Creeping Charlie or Swedish Ivy is not toxic to cats. Contrary to what its name might suggest, Creeping Charlie is not a member of the Ivy family. It has been listed by The American Society for the Prevention of Cruelty to Animals (ASPCA) as a non-toxic plant for cats. Thus, there is no immediate concern if you find your feline friend interacting with this plant.
We would like to emphasize that this article is the result of a collaborative effort with a team of experienced DVMs (doctors of veterinary medicine). Their invaluable insights ensure that we provide accurate and up-to-date information on the potential risks associated with various plants, including Creeping Charlie, and their effects on cats. Moreover, we have referenced high-authority websites such as ASPCA and PetMD in our research to further ensure the accuracy of our findings.
Can Cats Eat Creeping Charlie or Swedish Ivy?
Having a few bites of creeping charlie will not endanger your cat. Also keep in mind that while this cat-safe houseplant has been shown to be harmless to cats, each cat is different. Cats, like people, sometimes have unanticipated negative reactions to things. So take precautions and make sure your cats don’t harm themselves on your plants.
Cats and plants work together to create a relaxing environment, but it’s our job as cat lovers with green thumbs to keep everyone safe.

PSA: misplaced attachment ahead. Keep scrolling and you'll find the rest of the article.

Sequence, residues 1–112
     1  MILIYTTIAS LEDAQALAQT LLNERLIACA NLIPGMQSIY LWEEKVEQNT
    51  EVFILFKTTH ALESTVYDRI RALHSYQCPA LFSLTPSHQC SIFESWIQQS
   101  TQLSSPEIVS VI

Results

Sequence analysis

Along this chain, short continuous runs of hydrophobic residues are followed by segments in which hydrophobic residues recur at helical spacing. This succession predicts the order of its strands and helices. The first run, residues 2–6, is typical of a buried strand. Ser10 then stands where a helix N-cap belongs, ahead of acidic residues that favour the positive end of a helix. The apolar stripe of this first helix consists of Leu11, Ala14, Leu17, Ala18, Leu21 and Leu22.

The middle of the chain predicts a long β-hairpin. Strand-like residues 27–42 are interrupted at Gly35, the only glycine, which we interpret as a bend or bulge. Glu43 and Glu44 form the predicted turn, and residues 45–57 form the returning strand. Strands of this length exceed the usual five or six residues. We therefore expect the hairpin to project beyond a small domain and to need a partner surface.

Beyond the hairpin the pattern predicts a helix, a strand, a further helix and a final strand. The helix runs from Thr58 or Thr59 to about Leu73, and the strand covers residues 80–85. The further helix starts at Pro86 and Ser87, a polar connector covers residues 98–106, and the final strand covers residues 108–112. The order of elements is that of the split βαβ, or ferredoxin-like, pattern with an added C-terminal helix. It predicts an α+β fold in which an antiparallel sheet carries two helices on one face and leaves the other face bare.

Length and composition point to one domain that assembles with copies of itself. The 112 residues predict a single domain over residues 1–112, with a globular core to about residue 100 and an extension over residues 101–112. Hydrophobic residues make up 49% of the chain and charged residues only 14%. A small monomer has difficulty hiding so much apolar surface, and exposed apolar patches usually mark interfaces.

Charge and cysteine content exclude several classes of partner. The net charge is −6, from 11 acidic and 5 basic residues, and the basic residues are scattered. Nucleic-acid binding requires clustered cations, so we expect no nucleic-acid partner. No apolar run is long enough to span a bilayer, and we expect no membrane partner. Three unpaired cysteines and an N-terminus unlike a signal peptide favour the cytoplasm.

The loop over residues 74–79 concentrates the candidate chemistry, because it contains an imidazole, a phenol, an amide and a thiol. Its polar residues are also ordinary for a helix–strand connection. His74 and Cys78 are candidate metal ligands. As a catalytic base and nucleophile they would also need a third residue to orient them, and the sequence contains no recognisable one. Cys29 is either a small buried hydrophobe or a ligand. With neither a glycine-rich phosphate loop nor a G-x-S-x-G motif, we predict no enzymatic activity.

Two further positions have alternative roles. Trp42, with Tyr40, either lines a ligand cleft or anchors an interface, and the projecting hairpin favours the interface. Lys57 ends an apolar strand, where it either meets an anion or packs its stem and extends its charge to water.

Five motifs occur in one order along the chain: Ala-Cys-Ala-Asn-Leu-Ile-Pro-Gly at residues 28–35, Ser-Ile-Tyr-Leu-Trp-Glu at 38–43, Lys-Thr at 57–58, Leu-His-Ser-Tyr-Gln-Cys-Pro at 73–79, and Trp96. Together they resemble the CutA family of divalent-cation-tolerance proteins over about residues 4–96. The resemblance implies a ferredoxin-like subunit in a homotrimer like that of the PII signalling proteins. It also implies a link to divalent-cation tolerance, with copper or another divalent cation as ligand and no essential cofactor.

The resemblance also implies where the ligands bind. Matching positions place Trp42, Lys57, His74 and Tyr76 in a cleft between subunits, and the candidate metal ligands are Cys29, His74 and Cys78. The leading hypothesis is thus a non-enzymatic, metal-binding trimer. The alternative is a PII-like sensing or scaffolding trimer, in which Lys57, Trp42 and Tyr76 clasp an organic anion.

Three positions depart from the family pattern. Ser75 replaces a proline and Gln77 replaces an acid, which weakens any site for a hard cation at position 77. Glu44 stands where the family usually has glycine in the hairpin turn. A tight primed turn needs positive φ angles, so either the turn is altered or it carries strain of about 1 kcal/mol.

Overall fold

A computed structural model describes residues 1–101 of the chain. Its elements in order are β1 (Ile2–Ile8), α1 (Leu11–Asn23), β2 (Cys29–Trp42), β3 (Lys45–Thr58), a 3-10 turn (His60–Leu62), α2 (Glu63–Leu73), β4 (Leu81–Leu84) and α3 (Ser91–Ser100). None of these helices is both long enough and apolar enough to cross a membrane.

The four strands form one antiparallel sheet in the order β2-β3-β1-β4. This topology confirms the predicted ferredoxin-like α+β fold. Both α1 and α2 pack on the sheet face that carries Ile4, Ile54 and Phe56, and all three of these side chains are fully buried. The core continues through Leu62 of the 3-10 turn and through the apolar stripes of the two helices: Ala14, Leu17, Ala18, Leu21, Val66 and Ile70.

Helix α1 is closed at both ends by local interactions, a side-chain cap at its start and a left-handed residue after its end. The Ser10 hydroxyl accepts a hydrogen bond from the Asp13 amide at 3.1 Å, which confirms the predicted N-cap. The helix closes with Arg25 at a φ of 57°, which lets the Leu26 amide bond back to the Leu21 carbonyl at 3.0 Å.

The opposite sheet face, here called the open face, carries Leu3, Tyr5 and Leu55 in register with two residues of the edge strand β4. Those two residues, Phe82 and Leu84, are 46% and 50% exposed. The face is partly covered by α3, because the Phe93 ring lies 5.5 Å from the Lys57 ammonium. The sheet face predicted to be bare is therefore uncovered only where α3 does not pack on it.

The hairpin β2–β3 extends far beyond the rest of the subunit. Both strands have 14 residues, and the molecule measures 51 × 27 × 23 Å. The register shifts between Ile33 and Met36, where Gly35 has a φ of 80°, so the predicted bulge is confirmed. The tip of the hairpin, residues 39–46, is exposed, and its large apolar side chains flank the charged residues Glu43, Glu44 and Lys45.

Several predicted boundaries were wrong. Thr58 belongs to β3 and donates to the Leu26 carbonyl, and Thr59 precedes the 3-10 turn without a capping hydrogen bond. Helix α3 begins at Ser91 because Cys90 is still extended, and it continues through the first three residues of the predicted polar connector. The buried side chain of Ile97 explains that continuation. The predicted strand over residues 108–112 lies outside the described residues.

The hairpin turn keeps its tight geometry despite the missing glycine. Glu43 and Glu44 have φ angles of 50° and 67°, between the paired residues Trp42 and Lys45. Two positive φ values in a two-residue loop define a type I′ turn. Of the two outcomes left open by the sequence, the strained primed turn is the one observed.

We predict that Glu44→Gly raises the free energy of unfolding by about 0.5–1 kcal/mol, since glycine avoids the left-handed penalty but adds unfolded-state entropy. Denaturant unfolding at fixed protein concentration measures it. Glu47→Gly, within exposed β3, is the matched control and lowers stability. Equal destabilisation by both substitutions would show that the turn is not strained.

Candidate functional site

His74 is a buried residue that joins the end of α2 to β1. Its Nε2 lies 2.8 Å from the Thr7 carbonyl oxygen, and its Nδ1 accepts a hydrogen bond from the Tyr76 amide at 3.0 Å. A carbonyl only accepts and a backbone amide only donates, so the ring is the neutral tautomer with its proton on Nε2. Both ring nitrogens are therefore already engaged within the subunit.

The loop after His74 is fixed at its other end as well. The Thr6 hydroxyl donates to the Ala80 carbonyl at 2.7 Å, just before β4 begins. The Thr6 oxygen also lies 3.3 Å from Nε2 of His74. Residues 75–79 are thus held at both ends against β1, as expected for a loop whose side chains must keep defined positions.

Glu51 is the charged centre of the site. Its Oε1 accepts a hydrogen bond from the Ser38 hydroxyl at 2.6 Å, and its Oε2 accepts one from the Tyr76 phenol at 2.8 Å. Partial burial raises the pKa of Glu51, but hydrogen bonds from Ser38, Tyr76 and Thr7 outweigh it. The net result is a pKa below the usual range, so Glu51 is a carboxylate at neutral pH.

What is Creeping Charlie or Swedish Ivy?
The creeping groundcover perennial creeping charlie (Pilea nummulariifolia) belongs to the Urticaceae family. This plant is native to the Caribbean and northern South America
This is frequently used as a houseplant. It is considered weedy when grown outdoors. Each oval leaf has a slightly scalloped edge and is a bright to glossy medium green. The interveinal sections appear swollen and crinkly, as though the veins are sunken. The flowers are small and white-greenish. It can be quite weedy because the fleshy stems can root at the nodes where the stalks contact the soil. Plant in frost-free locations or use as a bedding or container annual if planted outdoors. The leaves can be eaten or used in teas.
Keeping Cats Away From Creeping Charlie or Swedish Ivy
Make your plant difficult to access. You can strategically place your houseplants in a number of locations.
Providing your cat with its own cat grass or indoor cat garden is another technique to divert their focus away from your plants. These grasses are mostly made up of wheat, barley, or rye seeds.
Teach your cats to ignore your plant Yes, cats, like dogs, can be trained. You can educate your cats to perform almost anything you desire with time, patience, and consistency. Some people teach their cats tricks, while others teach them to walk on a leash so they may spend more time outside. With the correct reward, you may teach your cat to leave your plants alone and redirect them to different behavior.